The Cabinet on Wednesday has finally approved the merger of two state-owned telcos, Bharat Sanchar Nigam Limited (BSNL) and Mahanagar Telephone Nigam Limited (MTNL). The Cabinet has also approved infusion of Rs 15,000 crore via sovereign bonds, a voluntary retirement scheme (VRS) and it has also allocated 4G airwaves.
The Union Cabinet has also revealed plans for monetising Rs 38,000 crore of assets in the next four years. After the merger, MTNL will act as a subsidiary of BSNL. Furthermore, the Cabinet has also approved the allocation of 4G spectrum on an administrative allocation basis. The whole process will be done at 2016 prices. The Cabinet will also pay Rs 4,000 crore from the budget for the spectrum expense.
“BSNL and MTNL will raise a sovereign bond of ₹15,000 crores for their revival and assets of both the PSUs worth ₹38,000 crores will be monetized. The Cabinet also approved an attractive VRS package for the employees. The government will provide 4G spectrum on an administrative allocation basis. The Cabinet has also given an in-principle nod to the merger of BSNL and MTNL and till modalities are in place, MTNL will be a subsidiary of BSNL,” Telecom Minister Ravi Shankar Prasad said at the briefing after the cabinet meeting.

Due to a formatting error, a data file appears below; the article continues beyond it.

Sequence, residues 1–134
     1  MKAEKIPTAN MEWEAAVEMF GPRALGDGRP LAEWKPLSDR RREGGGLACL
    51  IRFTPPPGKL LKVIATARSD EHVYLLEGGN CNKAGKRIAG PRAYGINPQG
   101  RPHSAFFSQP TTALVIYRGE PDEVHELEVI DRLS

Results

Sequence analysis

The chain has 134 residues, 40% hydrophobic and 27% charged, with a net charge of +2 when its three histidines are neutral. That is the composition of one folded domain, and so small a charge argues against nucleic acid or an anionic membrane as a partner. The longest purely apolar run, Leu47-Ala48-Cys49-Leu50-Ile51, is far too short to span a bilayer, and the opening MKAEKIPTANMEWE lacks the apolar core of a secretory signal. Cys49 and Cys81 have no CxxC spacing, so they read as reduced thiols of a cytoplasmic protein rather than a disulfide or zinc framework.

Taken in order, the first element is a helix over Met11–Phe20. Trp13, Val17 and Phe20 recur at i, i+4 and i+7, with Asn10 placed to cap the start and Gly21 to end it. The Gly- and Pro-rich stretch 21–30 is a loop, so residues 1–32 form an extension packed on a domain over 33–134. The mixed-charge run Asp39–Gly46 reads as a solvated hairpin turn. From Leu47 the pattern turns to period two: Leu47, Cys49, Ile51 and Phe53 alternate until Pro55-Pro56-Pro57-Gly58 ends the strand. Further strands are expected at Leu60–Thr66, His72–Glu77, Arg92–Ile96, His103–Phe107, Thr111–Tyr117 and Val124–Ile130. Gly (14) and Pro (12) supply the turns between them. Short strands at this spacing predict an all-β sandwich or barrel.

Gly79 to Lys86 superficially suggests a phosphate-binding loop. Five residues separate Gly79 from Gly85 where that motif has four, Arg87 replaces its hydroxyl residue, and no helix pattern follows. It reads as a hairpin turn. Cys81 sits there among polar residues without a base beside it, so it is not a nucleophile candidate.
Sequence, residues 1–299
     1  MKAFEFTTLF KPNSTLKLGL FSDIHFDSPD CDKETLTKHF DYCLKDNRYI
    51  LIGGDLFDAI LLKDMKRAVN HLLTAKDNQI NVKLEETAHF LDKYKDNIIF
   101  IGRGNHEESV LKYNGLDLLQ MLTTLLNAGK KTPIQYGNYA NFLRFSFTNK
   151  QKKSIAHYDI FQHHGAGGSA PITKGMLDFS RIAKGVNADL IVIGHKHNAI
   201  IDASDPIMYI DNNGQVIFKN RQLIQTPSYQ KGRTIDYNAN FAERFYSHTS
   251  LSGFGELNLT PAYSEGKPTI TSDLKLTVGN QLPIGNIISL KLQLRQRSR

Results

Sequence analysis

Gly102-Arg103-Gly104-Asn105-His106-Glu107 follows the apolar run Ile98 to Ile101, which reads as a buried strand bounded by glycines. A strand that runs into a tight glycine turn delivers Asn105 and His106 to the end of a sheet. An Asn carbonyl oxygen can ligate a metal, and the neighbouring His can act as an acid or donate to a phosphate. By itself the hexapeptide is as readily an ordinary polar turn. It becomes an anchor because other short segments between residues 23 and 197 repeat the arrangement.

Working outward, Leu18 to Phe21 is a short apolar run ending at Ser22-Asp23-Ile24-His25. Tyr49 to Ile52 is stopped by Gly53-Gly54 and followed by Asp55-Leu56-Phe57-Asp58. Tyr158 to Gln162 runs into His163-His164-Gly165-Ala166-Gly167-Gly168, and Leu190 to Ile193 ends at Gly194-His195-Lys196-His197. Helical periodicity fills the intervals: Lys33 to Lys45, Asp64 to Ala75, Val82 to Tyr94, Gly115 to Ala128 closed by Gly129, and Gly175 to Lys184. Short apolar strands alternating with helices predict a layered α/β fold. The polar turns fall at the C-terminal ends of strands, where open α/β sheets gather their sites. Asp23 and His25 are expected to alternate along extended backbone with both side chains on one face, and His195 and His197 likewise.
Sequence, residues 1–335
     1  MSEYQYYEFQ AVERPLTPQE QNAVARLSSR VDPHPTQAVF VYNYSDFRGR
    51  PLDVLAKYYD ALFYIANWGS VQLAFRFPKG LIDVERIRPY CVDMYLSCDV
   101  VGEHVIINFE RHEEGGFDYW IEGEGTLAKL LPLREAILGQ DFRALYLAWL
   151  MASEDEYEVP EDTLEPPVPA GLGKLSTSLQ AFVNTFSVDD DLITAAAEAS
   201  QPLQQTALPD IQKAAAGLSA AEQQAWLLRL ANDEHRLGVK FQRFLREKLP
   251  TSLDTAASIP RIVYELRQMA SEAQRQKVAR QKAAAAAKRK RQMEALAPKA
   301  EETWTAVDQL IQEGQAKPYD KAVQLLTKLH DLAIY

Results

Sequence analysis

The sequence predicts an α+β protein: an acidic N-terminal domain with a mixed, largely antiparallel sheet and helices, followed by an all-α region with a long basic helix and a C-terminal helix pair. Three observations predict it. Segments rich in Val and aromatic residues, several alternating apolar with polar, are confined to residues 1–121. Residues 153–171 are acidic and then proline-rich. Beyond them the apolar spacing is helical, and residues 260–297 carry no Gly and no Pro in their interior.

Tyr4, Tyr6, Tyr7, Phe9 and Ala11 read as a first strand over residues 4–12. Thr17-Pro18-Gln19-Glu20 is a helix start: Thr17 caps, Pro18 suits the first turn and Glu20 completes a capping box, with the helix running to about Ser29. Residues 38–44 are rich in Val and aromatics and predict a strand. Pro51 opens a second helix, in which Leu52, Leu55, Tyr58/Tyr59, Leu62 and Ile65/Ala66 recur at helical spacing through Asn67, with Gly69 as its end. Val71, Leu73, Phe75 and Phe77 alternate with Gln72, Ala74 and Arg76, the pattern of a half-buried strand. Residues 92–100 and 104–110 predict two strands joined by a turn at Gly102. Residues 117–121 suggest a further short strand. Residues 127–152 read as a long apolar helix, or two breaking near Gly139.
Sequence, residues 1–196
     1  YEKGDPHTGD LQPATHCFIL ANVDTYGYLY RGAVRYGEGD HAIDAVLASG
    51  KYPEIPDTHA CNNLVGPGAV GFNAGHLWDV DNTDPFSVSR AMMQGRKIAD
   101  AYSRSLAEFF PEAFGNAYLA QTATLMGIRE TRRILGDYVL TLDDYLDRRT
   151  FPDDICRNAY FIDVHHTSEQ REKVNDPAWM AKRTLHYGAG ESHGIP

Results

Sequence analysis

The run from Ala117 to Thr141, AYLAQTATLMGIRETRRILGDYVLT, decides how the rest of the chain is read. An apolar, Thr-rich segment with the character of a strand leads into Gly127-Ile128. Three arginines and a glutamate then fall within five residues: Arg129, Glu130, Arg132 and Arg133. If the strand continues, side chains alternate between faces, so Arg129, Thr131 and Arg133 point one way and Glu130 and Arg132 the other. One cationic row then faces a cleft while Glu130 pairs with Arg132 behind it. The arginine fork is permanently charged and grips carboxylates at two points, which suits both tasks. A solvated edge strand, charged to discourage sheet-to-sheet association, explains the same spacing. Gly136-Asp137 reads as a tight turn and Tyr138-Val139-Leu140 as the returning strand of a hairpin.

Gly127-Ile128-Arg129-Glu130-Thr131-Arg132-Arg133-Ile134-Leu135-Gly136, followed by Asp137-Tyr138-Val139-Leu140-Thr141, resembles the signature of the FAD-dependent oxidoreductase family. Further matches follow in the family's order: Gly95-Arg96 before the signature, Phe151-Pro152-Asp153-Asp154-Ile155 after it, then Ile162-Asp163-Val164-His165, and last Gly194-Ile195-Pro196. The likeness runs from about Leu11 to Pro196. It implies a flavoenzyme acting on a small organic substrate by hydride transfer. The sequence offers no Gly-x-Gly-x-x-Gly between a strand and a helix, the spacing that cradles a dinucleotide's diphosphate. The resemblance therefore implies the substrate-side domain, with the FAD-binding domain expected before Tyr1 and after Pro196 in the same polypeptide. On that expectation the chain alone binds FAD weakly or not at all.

This brings a good news both the telecom operators, who are facing acute crises. The BSNL is running with an estimated loss of Rs 13,000 crore in 2018-19, while MTNL is running with an estimated loss of Rs 3,400 crore. BSNL has pan-India operations, except Delhi and Mumbai. The two metro cities are covered by MTNL. Prasad said that the government is confident that the two companies will be operationally profitable over the next two years. He further added that both companies may become fully profitable by 2023.
BSNL and MTNL were once thriving companies, however, both of them failed to keep up with the competition. The entry of Reliance Jio in the telecom space destroyed the two state-owned telecom players. Furthermore, both the companies also failed to keep up with technology changes, which results in a drastic drop in subscribers.